Why bring my baby to the family table?

The newest member of your family needs to be a part of the things that make you one! Starting to eat together as a family will be a tradition you will NOT regret. Not only will it strengthen and bond your partnership when you set aside this special time to reconnect, but it sets a great standard for your family for years to come!

And while there are several scientifically proven benefits to the health of your family, according to thefamilydinnerproject.org, there are also many benefits to your child’s future behavior — and these are the behaviors many parents pray for:

  • lower rates of substance abuse, teen pregnancy, and depression
  • higher grade-point averages and self-esteem
  • vocabulary-boosting
  • lower obesity rates and lower rates of eating disorders

Why teach my baby high chair manners now?

You want to be able to raise a polite child who will enjoy meals and mealtimes with your family, whether you’re at home or dining out. And it is much easier to train than to retrain babies once wrong behavior patterns have been established. Since you and your baby will be spending a lot of time together, we say you should use those many mealtimes to teach him the basic skills of eating and some early table manners. Otherwise, you end up with a baby (and then a toddler) who exhibits one of these unseemly, but common, highchair issues:

-Tray Banging
-Trying to Stand in the High Chair
-Back Arching
-Spitting & Screaming
-Plate Flipping
-Food Throwing and Dropping
-Utensil Banging and Dropping
-Playing with Food
-Putting Food in Hair

How do I train my baby to be a polite diner?

Start with these 3 rules…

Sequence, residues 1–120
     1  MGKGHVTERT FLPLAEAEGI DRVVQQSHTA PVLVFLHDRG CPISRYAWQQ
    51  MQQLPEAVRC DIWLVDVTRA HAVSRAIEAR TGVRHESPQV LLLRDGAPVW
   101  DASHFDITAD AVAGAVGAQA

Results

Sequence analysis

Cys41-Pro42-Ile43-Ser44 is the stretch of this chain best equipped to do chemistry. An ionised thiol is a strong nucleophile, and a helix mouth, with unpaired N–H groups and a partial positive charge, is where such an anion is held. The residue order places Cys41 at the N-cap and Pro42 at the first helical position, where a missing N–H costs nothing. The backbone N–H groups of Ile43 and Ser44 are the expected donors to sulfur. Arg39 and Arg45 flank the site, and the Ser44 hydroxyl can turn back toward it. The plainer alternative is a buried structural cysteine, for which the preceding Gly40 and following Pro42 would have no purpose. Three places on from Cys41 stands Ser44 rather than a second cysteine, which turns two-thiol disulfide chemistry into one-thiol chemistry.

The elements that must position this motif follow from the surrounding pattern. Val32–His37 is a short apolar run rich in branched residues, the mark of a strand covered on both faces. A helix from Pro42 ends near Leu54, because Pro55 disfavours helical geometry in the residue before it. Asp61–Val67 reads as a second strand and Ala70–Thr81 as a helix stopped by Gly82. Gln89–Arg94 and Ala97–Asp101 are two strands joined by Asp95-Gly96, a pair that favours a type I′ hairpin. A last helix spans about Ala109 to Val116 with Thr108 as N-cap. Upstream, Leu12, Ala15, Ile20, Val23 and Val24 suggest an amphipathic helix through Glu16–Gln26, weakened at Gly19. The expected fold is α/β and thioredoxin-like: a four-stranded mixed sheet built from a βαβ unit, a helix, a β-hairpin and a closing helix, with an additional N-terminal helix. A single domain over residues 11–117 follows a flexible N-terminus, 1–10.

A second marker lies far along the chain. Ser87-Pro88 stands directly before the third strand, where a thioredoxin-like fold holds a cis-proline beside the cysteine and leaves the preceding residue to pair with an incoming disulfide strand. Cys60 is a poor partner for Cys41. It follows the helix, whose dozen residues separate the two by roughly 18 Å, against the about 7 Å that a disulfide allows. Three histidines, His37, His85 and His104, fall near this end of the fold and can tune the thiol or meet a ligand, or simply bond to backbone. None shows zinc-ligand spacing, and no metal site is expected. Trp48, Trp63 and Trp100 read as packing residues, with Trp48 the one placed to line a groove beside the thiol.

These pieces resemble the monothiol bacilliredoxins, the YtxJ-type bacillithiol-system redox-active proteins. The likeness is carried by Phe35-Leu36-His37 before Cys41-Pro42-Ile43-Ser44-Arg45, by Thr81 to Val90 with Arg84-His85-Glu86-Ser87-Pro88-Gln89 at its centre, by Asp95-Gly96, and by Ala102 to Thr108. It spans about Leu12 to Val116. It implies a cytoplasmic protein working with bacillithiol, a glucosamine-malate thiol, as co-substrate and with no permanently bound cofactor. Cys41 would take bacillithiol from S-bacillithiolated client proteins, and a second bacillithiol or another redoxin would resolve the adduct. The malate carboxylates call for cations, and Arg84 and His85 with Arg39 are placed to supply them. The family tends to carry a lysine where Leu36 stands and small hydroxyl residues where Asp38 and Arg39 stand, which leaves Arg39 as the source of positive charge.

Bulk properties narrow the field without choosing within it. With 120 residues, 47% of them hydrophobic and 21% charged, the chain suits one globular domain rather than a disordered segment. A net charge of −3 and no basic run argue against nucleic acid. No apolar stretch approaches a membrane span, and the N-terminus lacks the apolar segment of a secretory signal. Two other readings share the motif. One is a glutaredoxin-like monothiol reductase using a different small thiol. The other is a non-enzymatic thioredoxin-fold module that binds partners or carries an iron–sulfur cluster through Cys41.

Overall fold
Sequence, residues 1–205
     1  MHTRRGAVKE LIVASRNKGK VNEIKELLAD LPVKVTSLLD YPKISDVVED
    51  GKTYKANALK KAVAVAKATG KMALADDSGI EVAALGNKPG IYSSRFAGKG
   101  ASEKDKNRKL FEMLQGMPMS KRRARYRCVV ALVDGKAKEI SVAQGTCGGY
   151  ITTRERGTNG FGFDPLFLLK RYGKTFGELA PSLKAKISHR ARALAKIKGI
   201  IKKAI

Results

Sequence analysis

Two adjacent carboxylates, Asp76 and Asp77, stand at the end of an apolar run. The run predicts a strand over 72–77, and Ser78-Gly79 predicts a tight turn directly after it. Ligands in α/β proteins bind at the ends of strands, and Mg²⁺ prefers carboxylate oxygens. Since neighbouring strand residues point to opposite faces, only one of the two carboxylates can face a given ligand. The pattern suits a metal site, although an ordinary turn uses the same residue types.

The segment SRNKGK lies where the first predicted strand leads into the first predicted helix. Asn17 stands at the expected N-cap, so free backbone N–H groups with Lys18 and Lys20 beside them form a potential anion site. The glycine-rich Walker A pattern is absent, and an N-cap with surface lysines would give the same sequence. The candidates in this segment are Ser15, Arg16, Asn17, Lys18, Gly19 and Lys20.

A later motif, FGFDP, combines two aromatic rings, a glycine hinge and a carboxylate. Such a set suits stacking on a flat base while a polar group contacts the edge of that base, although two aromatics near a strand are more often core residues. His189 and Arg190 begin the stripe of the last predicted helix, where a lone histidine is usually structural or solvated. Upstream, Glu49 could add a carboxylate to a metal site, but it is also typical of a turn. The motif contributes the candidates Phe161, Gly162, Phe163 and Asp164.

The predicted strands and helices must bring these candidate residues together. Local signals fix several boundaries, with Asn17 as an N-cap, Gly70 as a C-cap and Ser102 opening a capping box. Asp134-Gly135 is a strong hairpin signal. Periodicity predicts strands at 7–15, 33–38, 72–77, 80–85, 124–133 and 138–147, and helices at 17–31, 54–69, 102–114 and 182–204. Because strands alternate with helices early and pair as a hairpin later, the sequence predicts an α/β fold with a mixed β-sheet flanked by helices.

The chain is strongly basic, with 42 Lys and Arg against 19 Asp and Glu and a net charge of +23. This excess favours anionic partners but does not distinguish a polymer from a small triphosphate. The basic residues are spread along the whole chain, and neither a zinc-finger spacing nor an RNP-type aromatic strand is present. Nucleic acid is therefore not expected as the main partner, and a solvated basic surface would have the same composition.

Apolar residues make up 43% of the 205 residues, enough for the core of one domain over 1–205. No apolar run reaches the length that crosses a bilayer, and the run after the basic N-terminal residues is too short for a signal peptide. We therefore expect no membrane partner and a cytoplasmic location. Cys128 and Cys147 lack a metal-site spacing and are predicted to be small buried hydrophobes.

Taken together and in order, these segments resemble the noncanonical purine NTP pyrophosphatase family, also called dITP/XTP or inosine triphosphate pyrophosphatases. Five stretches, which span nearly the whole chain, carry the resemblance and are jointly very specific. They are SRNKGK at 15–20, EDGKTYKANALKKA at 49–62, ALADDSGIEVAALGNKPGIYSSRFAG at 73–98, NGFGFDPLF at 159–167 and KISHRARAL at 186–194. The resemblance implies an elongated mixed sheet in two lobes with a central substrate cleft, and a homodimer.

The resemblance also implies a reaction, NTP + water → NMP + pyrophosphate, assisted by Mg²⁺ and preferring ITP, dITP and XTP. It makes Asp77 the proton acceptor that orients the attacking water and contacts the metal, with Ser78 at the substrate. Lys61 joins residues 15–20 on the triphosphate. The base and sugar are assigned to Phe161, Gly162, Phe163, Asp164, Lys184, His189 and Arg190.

#1 Talk to your baby about your meal expectations. 

Babies are able to understand many things, long before they can verbalize them. Don’t assume that your baby cannot understand what you are saying to him and remember that his language comprehension skills develop very quickly. Your tone says it all — so use your firm adult voice (not a baby voice)!

#2 Don’t let your baby hold the spoon.

Discourage him from grabbing for the spoon because that’s one skill he’s not quite ready to master without creating a major mess! Don’t worry, he’s got plenty of time to learn how to use utensils. Encourage him to put his arms down in his lap instead, by saying: “We put our hands in our lap during meal time” and gently put them there for him. He’ll catch on fast and you’ll be so glad (and so proud) when he does!

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(Note: Hands in Lap)

#3 Strap your baby in the high chair every single time.

Yes, he will protest. But it’s up to you to teach him that restraints like the car seat and the highchair are there for his safety and that he will never have the choice whether or not he will have to stay in it.  If he cries and/or flails around, give him a minute to see if he can compose himself.  If he can’t, isolate him in his crib for 3-4 minutes. By removing him from the situation, even a six month old will learn quickly the cause-and-effect relationship and that your behavioral expectations are just not negotiable. Go get him, explain, and strap him back into the highchair.  The more he protests, the more resolute and consistent you have to get. Remember, this is for his safety…and you’re responsible for teaching him to comply with restraints. So if he is refusing to calm down and eat after 4-5 tries, skip that meal.  You must send him the message that you’re the boss and there are consequences to bad behavior — in this case, he’ll learn that he won’t get to eat if he is going to refuse to be strapped in the high chair.  Trust us, he’ll learn this lesson very quickly — it shouldn’t take more than one skipped meal to get the point across.

Read up on starting solids out right in our post, here.

Starting-Solids (2)

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